“Geography, the science of our world, coupled with GIS is helping us [better] understand the earth and apply geographic knowledge to a host of human activities,” Dangermond says. “The outcome is the emergence of The Geographic Approach—a new way of thinking and problem solving that integrates geographic information into how we understand and manage our planet. This approach allows us to create geographic knowledge by measuring the earth, organizing this data, and analyzing and modeling various processes and their relationships. The Geographic Approach also allows us to apply this knowledge to the way we design, plan, and change our world.”
Solving problems using a geographic approach is not new. It is fundamental to the way geographers study and analyze our world. The concept is perhaps best articulated by Ian L. McHarg in the 1969 book Design with Nature, in which he details the philosophical context for managing human activities within natural and cultural landscapes.
As a methodology, The Geographic Approach is used for location-based analysis and decision making. GIS professionals typically employ it to examine selected geographic datasets in detail, which are combined for the comprehensive study and analysis of spatial problems. This methodology parallels the well-known scientific method and includes a research-focused, iterative process for examining diverse datasets and uncovering potential solutions. GIS augments the analytic process, helping give people a clearer understanding of complex problems that often include geographic components. This in turn allows better decision making and more opportunities to conserve limited resources, as well as improves the way we work.
Step 1: Ask
Approaching a problem geographically involves framing the question from a location-based perspective. What is the problem you are trying to solve or analyze, and where is it located? Being as specific as possible about the question you’re trying to answer will help you with the later stages of The Geographic Approach, when you’re faced with deciding how to structure the analysis, which analytic methods to use, and how to present the results to the target audience.
Step 2: Acquire
After clearly defining the problem, it is necessary to determine the data needed to complete your analysis and ascertain where that data can be found or generated. The type of data and the geographic scope of your project will help direct your methods of collecting data and conducting the analysis. If the method of analysis requires detailed and/or high-level information, it may be necessary to create or calculate the new data. Creating new data may simply mean calculating new values in the data table or obtaining new map layers or attributes but may also require geoprocessing. Sometimes you might have to consider using surrogate measures, which allows data creation through indirect means. For example, an economic indicator can be used as a surrogate for income. However, because of the limits in collecting accurate data in this way, it is necessary to indicate in your results the manner in which the data was collected.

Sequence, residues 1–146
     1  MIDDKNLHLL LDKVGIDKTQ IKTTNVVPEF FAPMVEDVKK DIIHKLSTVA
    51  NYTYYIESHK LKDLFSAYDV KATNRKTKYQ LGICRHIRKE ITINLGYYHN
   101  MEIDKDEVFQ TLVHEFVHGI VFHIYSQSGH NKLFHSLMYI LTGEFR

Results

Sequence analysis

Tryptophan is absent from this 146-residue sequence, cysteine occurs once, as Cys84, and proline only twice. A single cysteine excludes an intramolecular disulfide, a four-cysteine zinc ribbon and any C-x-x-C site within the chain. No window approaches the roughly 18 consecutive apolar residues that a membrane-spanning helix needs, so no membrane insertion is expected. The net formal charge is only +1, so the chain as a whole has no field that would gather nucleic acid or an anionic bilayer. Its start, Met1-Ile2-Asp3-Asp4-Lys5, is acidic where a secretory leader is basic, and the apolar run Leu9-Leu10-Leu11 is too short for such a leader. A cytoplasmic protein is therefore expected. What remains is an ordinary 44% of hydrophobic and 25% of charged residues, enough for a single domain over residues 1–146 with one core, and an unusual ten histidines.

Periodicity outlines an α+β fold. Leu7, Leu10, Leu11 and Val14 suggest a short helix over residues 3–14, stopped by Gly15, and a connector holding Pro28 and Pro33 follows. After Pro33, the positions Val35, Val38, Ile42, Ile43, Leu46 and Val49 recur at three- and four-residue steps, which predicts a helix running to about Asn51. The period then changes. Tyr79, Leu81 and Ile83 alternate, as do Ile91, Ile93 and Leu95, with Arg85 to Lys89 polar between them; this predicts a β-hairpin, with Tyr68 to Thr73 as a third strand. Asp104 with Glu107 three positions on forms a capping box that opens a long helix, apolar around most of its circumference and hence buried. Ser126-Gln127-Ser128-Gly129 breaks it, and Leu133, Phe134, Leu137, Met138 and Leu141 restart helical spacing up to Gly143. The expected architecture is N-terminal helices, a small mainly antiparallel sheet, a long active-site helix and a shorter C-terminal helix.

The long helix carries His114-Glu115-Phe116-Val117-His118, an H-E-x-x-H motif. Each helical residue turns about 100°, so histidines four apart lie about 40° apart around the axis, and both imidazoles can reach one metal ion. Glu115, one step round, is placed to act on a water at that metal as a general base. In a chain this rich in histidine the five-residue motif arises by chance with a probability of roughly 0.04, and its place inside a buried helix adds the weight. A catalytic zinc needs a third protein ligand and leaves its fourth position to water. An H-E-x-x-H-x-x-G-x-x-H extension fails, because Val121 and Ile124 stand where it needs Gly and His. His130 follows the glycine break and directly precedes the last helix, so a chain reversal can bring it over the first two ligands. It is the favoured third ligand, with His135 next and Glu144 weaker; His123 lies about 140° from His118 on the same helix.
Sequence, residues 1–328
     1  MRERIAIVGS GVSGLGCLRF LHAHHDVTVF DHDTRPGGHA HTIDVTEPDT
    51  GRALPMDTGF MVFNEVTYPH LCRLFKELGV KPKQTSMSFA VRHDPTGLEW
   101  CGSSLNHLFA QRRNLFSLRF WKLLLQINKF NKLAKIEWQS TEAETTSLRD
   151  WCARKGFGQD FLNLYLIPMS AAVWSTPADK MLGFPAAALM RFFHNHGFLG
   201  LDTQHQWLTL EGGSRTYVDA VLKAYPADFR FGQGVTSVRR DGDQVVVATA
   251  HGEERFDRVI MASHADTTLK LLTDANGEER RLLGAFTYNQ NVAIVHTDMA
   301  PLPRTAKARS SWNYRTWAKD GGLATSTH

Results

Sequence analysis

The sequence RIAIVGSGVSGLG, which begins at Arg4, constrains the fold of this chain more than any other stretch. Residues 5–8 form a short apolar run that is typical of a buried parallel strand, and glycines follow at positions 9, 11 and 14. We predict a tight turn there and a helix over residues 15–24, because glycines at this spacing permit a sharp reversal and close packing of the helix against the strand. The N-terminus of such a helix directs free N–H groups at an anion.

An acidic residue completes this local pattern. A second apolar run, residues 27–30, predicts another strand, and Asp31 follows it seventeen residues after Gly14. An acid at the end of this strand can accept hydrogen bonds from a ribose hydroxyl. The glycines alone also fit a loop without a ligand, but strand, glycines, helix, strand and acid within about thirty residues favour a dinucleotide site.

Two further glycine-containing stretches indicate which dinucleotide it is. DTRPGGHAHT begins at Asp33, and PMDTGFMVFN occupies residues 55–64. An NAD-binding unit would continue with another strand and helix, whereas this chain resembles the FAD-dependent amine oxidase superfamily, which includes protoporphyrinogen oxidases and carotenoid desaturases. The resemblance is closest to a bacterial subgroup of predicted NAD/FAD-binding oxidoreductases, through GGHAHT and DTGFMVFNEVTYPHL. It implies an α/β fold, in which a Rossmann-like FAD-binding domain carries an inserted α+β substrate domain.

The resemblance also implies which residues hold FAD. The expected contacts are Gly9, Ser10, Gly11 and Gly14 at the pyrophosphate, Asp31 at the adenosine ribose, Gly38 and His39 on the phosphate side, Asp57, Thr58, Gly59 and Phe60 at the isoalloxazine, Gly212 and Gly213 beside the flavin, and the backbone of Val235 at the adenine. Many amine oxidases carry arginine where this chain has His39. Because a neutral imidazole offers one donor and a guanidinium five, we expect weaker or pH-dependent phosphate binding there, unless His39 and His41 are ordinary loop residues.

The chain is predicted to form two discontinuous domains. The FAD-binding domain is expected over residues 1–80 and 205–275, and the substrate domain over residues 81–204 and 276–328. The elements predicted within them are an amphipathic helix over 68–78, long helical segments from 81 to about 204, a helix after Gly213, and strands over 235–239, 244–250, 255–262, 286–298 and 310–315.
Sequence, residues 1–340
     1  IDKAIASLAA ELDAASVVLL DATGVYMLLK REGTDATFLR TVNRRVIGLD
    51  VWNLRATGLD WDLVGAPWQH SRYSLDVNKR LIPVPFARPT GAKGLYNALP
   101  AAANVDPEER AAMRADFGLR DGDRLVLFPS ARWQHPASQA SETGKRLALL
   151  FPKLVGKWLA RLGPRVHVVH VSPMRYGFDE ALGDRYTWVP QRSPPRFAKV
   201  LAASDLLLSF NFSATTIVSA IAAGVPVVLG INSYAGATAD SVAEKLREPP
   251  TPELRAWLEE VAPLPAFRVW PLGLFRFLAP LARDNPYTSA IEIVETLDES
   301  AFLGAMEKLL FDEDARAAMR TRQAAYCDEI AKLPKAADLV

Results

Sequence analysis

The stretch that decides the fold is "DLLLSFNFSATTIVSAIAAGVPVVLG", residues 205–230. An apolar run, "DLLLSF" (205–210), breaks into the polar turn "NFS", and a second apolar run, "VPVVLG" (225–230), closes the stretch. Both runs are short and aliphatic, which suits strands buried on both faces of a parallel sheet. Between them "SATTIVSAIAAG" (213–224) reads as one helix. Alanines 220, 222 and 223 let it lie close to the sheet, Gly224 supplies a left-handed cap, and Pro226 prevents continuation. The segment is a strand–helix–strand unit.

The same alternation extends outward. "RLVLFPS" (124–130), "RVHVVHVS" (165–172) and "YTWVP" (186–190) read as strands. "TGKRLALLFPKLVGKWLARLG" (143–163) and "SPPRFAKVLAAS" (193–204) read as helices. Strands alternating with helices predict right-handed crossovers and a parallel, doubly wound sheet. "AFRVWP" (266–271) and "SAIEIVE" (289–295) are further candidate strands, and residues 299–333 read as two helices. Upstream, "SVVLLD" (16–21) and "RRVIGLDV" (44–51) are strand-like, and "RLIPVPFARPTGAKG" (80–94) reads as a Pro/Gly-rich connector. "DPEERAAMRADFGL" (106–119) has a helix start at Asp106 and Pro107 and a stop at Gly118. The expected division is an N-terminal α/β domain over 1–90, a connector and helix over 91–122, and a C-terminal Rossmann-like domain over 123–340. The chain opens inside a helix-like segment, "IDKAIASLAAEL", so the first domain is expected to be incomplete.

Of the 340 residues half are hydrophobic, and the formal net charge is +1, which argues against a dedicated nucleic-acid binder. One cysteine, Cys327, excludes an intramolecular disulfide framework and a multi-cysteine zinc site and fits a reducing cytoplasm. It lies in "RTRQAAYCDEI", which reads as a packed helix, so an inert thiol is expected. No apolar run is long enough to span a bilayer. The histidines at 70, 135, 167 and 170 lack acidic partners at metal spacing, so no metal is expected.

Step 3: Examine
You will not know for certain whether the data you have acquired is appropriate for your study until you thoroughly examine it. This includes visual inspection, as well as investigating how the data is organized (its schema), how well the data corresponds to other datasets and the rules of the physical world (its topology), and the story of where the data came from (its metadata). Since the data ultimately selected for your analysis depends on your original question or questions, as well as the results that you are seeking and how those results will be used, your examination may be dependent on how precise the data must be to answer the original questions. Because data acquisition can be the most expensive and time-consuming part of the process, it is important that you begin with a well-defined data model for your organization and your project. This will provide the basis for evaluating potential data acquisitions.
Step 4: Analyze
The data is processed and analyzed based on the method of examination or analysis you choose, which is dependent on the results you hope to achieve. Understanding the effects of parameters you have established for the analysis, as well as the algorithms being implemented, is critical so that you can correctly interpret the results. Do not underestimate the power of “eyeballing” the data. Looking at the results can help you decide whether the information is valid or useful, or whether you should rerun the analysis using different parameters or even a different method. GIS modeling tools make it relatively easy to make these changes and create new output.
Step 5: Act
The results and presentation of the analysis are important parts of The Geographic Approach. The results can be shared through reports, maps, tables, and charts and delivered in printed form or digitally over a network or on the Web. You need to decide on the best means for presenting your analysis. You can compare the results from different analyses and see which method presents the information most accurately. And you can tailor the results for different audiences. For example, one audience might require a conventional report that summarizes the analyses and conveys recommendations or comparable alternatives. Another audience may need an interactive format that allows them to ask what-if questions or pursue additional analysis. Yet another audience may simply need to know how the results affect them or their interests.
The Geographic Approach provides the necessary framework for GIS analysis and helps ensure accurate, verifiable results. By carefully documenting, archiving, and sharing your results and methodology, other researchers receive the opportunity to verify your findings. This practice, called full disclosure, also allows statistical measures of the reliability of this data to be established.
Clearer Understanding of Results
Using a methodology such as The Geographic Approach formalizes the analytic process with GIS, which allows a clearer understanding of the results and promotes a response that can be supported by the data. By applying The Geographic Approach to help us solve complex problems, we can make better decisions, conserve resources, and improve the way we work.